‘996’ is the ghastly Chinese formula for employees – working from 9am to 9pm 6 days a week.
One Shanghai engineer tells how a software programme on the laptop of every employee tracks their screens in real time, records their chats, their browsing activity and every document edit they make.
High definition cameras record how long they take for lunch. Employees’ mobile phone browsing history and applications usage are monitored via companies’ Wi-Fi. Sites considered a distraction to work are blocked.
Transfer of a document looking like a CV, or time on a job search site, leads to peoples’ tenure becoming problematic.
The Beijing subsidiary of Canon used face recognition tech to ensure that only smiling people could enter the office or book a conference room.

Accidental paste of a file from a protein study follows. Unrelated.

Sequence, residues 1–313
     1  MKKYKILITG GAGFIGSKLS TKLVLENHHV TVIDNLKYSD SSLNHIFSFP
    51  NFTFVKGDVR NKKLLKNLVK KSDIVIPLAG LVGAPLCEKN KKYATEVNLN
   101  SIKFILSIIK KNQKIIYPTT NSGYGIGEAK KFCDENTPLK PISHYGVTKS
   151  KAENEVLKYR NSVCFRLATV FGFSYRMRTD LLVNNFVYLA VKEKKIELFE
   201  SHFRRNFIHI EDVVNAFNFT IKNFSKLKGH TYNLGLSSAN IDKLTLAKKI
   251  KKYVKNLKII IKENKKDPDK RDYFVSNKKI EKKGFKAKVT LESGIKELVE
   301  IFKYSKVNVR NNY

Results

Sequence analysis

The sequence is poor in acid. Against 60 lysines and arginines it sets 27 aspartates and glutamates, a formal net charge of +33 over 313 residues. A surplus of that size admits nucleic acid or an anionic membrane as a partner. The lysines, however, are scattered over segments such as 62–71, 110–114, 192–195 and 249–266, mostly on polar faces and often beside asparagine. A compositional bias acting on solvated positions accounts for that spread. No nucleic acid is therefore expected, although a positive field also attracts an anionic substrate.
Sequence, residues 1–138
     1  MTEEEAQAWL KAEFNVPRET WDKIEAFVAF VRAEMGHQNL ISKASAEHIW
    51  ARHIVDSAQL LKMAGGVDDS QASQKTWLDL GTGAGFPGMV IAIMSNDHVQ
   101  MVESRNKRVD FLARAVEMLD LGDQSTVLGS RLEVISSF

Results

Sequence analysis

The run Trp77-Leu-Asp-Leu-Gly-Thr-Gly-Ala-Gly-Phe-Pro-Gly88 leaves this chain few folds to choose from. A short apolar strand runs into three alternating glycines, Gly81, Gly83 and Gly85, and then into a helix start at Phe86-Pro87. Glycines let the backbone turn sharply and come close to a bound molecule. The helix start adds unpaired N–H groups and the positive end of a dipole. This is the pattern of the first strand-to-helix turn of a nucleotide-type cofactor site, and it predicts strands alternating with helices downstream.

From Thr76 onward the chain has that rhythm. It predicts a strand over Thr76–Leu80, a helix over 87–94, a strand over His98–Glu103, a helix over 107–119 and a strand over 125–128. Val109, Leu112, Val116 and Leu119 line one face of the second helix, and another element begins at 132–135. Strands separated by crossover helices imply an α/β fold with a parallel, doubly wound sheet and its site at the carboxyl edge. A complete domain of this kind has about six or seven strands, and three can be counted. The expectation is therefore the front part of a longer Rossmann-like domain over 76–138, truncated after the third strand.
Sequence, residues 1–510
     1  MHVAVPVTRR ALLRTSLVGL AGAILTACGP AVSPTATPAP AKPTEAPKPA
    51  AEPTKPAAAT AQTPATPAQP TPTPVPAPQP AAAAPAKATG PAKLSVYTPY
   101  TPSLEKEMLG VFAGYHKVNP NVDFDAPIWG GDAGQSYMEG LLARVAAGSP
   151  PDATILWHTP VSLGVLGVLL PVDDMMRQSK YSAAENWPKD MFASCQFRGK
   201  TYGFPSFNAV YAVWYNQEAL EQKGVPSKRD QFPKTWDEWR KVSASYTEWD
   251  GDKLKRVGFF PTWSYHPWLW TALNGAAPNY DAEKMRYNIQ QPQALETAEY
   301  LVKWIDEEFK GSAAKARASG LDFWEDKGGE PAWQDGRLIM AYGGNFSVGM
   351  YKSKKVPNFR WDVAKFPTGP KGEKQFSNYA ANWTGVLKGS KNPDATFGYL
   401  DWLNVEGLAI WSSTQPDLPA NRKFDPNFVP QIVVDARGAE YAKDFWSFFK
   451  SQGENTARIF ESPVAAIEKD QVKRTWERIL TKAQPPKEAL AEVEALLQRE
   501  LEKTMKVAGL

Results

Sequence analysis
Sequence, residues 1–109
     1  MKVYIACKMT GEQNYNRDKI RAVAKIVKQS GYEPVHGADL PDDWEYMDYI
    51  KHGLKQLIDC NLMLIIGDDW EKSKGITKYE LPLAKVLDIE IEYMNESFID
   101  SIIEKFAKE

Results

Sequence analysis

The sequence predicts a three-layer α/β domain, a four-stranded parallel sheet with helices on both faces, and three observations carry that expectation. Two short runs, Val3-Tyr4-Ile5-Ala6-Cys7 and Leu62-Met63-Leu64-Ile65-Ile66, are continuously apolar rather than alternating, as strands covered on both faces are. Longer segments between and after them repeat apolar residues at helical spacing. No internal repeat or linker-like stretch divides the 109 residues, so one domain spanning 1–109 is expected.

Some workers are obliged to upload a photo of where they are to prove they’re not skiving and workers’ whereabouts are monitored through tracking apps.
It is reported that one worker was tracked accessing Weibo for ten minutes while on the loo and Kuaishou Technology was widely criticised on-line for installing a countdown timer in every loo cubicle.
The irony of it is that, with a lot of these workers writing code, they’re not using tech to make working lives more agreeable but to make their own lives more miserable – demonstrated by the fact that the average time they stick in a job is 1.47 years.